Author Topic: Fire  (Read 862 times)

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Offline shnozzola

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« on: July 04, 2013, 10:23:28 AM »
........[Tsering Tashi] ate an early breakfast with his wife and his parents in the house they shared in a village near Amchok, a historically Tibetan township in China’s Gansu Province. Then he took the family herd—most of the animals were dzomos, female yak-cow hybrids prized for their milk yield—to frozen grasslands nearby.

 He was twenty-two years old and an accomplished horseman, and his family was well respected locally. Tashi watched the animals graze for a few hours, then went home around noon, leaving the herd in the care of friends.

It was a frigid, overcast day. Tashi told his mother that he wanted to wear a traditional Tibetan cloak, or chuba. “You should wear a nice thick one,” she said. She asked if Tashi would like to join her for lunch, but he said that he needed to get back to work.

Tashi stopped to see his friends and asked if they would look after his animals a little longer. “I have to go into town,” he said. “There’s something I need to do there.” He seemed to be carrying something heavy in the folds of his chuba, but they didn’t ask what it might be.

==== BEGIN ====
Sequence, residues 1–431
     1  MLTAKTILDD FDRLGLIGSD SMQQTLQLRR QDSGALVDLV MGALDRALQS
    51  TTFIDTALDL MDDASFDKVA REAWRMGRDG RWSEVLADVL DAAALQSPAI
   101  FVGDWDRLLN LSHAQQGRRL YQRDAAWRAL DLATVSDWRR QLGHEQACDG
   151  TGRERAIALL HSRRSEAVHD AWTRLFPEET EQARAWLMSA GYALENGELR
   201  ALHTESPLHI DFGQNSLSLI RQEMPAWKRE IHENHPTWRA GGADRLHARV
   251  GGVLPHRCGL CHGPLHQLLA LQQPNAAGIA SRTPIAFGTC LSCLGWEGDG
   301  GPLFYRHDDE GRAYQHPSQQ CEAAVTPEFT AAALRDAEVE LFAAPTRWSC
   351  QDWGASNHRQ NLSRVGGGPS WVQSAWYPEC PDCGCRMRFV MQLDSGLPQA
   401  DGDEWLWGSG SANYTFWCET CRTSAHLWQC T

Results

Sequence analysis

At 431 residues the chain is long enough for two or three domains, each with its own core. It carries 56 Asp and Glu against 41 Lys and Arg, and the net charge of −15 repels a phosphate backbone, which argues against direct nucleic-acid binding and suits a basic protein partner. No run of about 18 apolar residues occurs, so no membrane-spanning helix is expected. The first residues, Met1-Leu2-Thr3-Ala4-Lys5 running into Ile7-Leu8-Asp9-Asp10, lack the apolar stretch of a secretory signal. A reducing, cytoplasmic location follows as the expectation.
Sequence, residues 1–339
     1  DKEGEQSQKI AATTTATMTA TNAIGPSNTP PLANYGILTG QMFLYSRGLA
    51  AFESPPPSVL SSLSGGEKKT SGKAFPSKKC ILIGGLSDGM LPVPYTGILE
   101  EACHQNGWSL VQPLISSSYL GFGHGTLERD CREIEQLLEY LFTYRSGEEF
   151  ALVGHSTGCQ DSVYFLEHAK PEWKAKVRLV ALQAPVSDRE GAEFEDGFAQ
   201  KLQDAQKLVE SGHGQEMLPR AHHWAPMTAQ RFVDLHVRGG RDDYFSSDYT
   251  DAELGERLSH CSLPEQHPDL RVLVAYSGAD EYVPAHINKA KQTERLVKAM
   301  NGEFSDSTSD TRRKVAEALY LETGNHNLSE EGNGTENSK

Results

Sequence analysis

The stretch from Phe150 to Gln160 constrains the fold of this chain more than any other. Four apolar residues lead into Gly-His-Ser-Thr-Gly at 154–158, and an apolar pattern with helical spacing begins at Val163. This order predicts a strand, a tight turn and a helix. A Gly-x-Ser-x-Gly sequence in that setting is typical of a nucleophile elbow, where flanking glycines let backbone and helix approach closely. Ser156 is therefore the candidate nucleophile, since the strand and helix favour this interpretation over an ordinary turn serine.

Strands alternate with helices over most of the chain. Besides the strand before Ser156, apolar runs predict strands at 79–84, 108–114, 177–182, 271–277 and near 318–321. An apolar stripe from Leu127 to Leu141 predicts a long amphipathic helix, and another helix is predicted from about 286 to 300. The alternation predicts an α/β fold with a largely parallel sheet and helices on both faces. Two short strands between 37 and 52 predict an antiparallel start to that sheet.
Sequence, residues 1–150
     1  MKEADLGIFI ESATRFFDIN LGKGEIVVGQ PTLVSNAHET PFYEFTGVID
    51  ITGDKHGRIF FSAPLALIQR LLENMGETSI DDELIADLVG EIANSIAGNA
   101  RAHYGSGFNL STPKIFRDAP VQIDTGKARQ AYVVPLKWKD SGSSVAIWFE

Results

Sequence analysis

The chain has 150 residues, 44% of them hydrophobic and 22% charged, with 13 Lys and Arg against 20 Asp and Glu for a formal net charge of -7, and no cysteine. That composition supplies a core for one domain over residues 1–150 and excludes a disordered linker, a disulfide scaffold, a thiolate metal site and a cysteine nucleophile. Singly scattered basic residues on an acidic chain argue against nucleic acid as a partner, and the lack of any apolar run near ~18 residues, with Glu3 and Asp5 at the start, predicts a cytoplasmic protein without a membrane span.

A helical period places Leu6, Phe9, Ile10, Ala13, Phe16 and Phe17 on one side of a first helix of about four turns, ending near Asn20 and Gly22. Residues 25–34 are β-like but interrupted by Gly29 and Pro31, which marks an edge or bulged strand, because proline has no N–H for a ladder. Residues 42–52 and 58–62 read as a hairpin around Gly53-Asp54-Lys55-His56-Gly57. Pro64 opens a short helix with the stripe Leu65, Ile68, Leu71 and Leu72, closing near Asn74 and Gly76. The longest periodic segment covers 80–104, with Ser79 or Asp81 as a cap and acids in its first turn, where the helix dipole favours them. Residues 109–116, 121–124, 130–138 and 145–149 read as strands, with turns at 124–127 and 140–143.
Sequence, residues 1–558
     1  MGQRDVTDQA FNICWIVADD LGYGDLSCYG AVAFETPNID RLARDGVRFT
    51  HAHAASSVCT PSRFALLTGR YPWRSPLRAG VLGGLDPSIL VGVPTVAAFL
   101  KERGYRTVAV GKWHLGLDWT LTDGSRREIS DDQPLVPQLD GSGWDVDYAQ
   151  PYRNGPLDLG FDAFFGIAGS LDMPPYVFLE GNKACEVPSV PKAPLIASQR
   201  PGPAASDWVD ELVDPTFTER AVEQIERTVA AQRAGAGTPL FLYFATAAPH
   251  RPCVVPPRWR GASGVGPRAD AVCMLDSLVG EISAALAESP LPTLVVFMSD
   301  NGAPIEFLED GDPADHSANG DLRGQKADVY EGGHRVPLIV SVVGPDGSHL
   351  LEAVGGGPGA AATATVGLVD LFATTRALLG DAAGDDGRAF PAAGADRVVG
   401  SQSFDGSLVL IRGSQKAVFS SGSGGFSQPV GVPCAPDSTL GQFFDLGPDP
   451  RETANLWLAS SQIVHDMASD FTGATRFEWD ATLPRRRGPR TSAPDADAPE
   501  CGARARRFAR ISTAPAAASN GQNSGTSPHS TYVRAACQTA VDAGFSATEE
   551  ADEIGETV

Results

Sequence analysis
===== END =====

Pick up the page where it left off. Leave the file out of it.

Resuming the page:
When Tashi got to the main square of Amchok, he took a container from his cloak, doused his clothes in gasoline, and set himself alight.

He had wrapped wire around his limbs, apparently to insure that the fuel-soaked clothing would stay in place. As flames engulfed his body, he fell to the ground. Then he got up and ran, darting away from some Chinese police he saw on the road. Finally, he collapsed again, the flames sweeping this way and that in the wind. As his clothes turned to ash, Tashi managed to raise his arms and bring his hands together in a final gesture of Buddhist prayer.

 Unfortunately, this good article in the New Yorker is not yet free, but shows how many self immolations are going on in Tibet due to the frustrations against the Chinese government.  We had a thread awhile ago about militant Buddhists, and these actions by Tibetan monks, farmers, students, and nuns, are another story that doesn't always get the press it should.

"An hour-long documentary that explores the causes behind the 119 self-immolations known to have taken place in Tibet since 2009" :
IMO, it is the ongoing story on whether forced assimilation of cultures is wise or unwise. 
« Last Edit: July 04, 2013, 10:26:28 AM by shnozzola »
We have guided missiles and misguided men.  ~ Martin Luther King, Jr.

“Who cares if Kim Jung-Un gets a nuke. Nukes don’t kill people, people kill people.”

Offline Nick

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Re: Fire
« Reply #1 on: July 04, 2013, 01:53:35 PM »
Never understood the logic there?  How is this suppose to make the Chinese say, "Gee, we should leave this land".
Yo, put that in your pipe and smoke it.  Quit ragging on my Lord.

Tide goes in, tide goes out !!!

Offline One Above All

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Re: Fire
« Reply #2 on: July 04, 2013, 02:47:52 PM »
Never understood the logic there?  How is this suppose to make the Chinese say, "Gee, we should leave this land".

I would also like to find out. I remember reading something about that, but I can't remember what.
My names are many, yet I am One.
-Orion, son of Fire and Light, Sol Invictus.

Religions need books because they don't have gods.